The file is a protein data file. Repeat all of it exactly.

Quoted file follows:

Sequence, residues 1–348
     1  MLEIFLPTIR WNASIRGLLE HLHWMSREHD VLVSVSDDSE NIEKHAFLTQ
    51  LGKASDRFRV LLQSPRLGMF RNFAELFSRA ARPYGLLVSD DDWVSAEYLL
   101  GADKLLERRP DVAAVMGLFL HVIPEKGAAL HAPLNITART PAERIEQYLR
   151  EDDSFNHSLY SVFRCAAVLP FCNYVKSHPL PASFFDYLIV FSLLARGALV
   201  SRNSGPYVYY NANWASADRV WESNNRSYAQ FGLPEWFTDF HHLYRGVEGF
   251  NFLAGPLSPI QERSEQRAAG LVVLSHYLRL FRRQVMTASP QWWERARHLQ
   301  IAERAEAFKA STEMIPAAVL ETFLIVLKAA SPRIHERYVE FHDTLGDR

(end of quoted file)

Sequence, residues 1–348
     1  MLEIFLPTIR WNASIRGLLE HLHWMSREHD VLVSVSDDSE NIEKHAFLTQ
    51  LGKASDRFRV LLQSPRLGMF RNFAELFSRA ARPYGLLVSD DDWVSAEYLL
   101  GADKLLERRP DVAAVMGLFL HVIPEKGAAL HAPLNITART PAERIEQYLR
   151  EDDSFNHSLY SVFRCAAVLP FCNYVKSHPL PASFFDYLIV FSLLARGALV
   201  SRNSGPYVYY NANWASADRV WESNNRSYAQ FGLPEWFTDF HHLYRGVEGF
   251  NFLAGPLSPI QERSEQRAAG LVVLSHYLRL FRRQVMTASP QWWERARHLQ
   301  IAERAEAFKA STEMIPAAVL ETFLIVLKAA SPRIHERYVE FHDTLGDR